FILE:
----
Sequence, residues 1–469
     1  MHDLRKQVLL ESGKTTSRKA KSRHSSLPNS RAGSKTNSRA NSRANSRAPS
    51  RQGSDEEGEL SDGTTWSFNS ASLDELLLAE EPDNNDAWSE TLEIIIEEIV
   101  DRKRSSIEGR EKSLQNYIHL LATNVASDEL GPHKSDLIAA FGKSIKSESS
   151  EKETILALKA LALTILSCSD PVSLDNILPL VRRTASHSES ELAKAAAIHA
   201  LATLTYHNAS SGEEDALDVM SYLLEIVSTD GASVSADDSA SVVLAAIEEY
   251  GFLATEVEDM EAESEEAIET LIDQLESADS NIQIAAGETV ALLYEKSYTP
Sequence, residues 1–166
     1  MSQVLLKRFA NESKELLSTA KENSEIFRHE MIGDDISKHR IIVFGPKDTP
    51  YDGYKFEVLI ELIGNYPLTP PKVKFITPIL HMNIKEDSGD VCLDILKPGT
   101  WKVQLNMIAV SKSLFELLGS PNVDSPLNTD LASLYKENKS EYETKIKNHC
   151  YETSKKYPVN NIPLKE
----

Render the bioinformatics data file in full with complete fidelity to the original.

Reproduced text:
Sequence, residues 1–469
     1  MHDLRKQVLL ESGKTTSRKA KSRHSSLPNS RAGSKTNSRA NSRANSRAPS
    51  RQGSDEEGEL SDGTTWSFNS ASLDELLLAE EPDNNDAWSE TLEIIIEEIV
   101  DRKRSSIEGR EKSLQNYIHL LATNVASDEL GPHKSDLIAA FGKSIKSESS
   151  EKETILALKA LALTILSCSD PVSLDNILPL VRRTASHSES ELAKAAAIHA
   201  LATLTYHNAS SGEEDALDVM SYLLEIVSTD GASVSADDSA SVVLAAIEEY
   251  GFLATEVEDM EAESEEAIET LIDQLESADS NIQIAAGETV ALLYEKSYTP
Sequence, residues 1–166
     1  MSQVLLKRFA NESKELLSTA KENSEIFRHE MIGDDISKHR IIVFGPKDTP
    51  YDGYKFEVLI ELIGNYPLTP PKVKFITPIL HMNIKEDSGD VCLDILKPGT
   101  WKVQLNMIAV SKSLFELLGS PNVDSPLNTD LASLYKENKS EYETKIKNHC
   151  YETSKKYPVN NIPLKE